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Trump refuses to participate in virtual debate on Oct. 15: ‘I’m not going to waste my time’

WASHINGTON — The second presidential debate between President Donald Trump and Democratic nominee Joe Biden, scheduled for Oct. 15, will be held virtually, the bipartisan Commission on Presidential Debates said Thursday. 

Minutes after the announcement, however, Trump said he would not participate.

“No I’m not going to waste my time on a virtual debate,” he said during an interview on the Fox Business channel. His campaign later said Trump will hold a rally that night instead.

Trump and his allies quickly claimed, without evidence, that the commission made the change to favor Biden. A Biden campaign source told NBC News that the debate commission made the decision unilaterally.

The commission’s decision came six days after Trump announced that he and first lady Melania Trump had tested positive for the coronavirus. 

Since Trump’s diagnosis, more than a dozen White House officials have tested positive for Covid-19.

Biden said earlier this week that he thought the debate shouldn’t go on if the president were still infected with the coronavirus.

“I don’t think I’m contagious,” Trump told Fox on Thursday morning. Public health officials say Covid patients need to be isolated from others for at least 10 days after contracting the virus, and up to 20 days depending on the severity of the infection. 

Trump’s campaign has also been privately discussing possibly holding a campaign event next week in Pittsburgh, according to people familiar with the matter. The event could end up being around the same time that the debate was slated to take place.

Citing a need to “protect the health and safety of all involved,” the debate commission said in a statement, “The second presidential debate will take the form of a town meeting, in which the candidates would participate from separate remote locations.”

The debate’s location in Miami and the moderator, C-SPAN’s Steve Scully, will remain unchanged, they said.

Since Trump’s diagnosis, more than a dozen White House officials have tested positive for Covid-19.

The president was later transferred to Walter Reed National Military Medical Center, where he spent the next three days receiving an aggressive treatment of therapies under the care of a team of doctors. 

Trump was discharged from the hospital Monday into the care of White House physicians who say he is steadily improving.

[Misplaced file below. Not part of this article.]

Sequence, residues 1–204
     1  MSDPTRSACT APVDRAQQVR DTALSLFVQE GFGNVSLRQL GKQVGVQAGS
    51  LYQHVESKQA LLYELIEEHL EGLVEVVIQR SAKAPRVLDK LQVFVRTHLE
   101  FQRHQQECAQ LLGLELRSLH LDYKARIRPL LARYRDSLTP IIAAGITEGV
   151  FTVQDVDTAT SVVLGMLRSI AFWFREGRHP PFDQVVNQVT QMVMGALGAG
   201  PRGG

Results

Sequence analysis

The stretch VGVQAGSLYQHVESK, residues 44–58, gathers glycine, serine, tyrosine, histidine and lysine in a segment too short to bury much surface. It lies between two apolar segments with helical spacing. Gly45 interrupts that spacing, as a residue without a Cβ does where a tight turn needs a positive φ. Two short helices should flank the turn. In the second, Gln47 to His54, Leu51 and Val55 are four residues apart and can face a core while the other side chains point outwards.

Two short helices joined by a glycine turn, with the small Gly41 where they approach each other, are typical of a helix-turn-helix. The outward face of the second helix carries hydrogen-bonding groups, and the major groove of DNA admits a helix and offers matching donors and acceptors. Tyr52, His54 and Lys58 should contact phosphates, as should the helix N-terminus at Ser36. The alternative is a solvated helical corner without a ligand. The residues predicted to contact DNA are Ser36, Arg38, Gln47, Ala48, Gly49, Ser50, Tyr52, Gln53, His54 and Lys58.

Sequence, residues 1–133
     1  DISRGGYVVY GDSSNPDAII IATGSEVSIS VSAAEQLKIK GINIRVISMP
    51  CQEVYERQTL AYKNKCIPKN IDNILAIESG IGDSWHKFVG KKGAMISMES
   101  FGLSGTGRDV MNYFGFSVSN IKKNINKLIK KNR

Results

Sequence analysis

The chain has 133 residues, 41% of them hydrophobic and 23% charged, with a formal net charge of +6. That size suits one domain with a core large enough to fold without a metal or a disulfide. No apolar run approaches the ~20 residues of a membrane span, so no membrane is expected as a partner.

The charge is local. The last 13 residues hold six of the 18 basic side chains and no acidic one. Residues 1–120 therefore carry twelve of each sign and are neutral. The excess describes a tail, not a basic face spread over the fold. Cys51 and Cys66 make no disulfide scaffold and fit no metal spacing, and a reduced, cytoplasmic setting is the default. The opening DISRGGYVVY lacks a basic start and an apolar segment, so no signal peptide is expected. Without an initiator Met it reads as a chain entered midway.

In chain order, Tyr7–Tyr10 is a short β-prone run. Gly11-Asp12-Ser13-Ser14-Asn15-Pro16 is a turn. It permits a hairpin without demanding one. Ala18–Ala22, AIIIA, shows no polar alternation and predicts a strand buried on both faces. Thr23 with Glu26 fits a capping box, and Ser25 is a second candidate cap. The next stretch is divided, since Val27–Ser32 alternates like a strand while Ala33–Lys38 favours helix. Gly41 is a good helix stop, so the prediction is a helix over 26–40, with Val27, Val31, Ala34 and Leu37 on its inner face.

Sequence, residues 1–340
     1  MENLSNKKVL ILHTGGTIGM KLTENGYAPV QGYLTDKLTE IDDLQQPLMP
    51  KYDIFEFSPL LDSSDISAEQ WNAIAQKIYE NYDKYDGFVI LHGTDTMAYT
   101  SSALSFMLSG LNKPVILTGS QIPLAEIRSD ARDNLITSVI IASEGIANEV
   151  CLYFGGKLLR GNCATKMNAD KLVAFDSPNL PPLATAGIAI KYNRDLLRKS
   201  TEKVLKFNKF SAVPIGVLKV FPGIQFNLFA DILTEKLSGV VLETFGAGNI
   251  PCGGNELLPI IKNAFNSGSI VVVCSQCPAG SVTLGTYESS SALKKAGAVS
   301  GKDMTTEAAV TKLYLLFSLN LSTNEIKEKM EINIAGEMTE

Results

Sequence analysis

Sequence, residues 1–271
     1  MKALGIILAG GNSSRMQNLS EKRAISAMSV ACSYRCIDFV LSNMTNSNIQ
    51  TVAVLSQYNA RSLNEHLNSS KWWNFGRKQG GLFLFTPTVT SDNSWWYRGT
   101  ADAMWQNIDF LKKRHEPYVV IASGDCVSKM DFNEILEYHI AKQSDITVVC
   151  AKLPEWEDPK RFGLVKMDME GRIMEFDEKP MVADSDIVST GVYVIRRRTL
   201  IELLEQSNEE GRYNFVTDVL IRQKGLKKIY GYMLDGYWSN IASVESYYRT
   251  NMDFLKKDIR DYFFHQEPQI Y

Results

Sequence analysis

It is unclear exactly when Trump was first infected with the virus or when he last tested negative for it before his positive tests last Thursday. Both of these factors make it difficult to assess when the president will no longer be contagious to others. 

A day after he left Walter Reed hospital, Trump tweeted on Tuesday that he was “looking forward to the debate,” despite still being treated for Covid-19. Trump’s campaign said the president wanted to participate in the debate “in person.” 

Earlier this week, Biden said if Trump remains infectious then the debate should be called off, but added that he would follow medical professionals’ advice.

Following news of the debate change, Trump’s campaign manager Bill Stepien, who was recently diagnosed with Covid-19 himself, insisted the debate can still be held safely in person.

The first debate between the two candidates last Tuesday in Cleveland quickly devolved into a fiasco after Trump refused to stop talking when his allotted time was finished, and continued to interrupt and insult Biden for the remainder of the debate. 

Biden also grew frustrated during the 90 minute debate, at one point calling the president “a clown.” 

Following the disaster in Cleveland, the commission said it was exploring ways to give the debate moderators more ways to enforce the previously-agreed upon rules if and when candidates refused to obey them.

A virtual debate could solve two problems at once for the debate commission: Protect the town-hall attendees, staff, moderators and candidates from coronavirus infection and provide the moderator with the option of cutting the video and audio feeds of candidates who ignore the rules.

CNBC’s Brian Schwartz contributed to this article.

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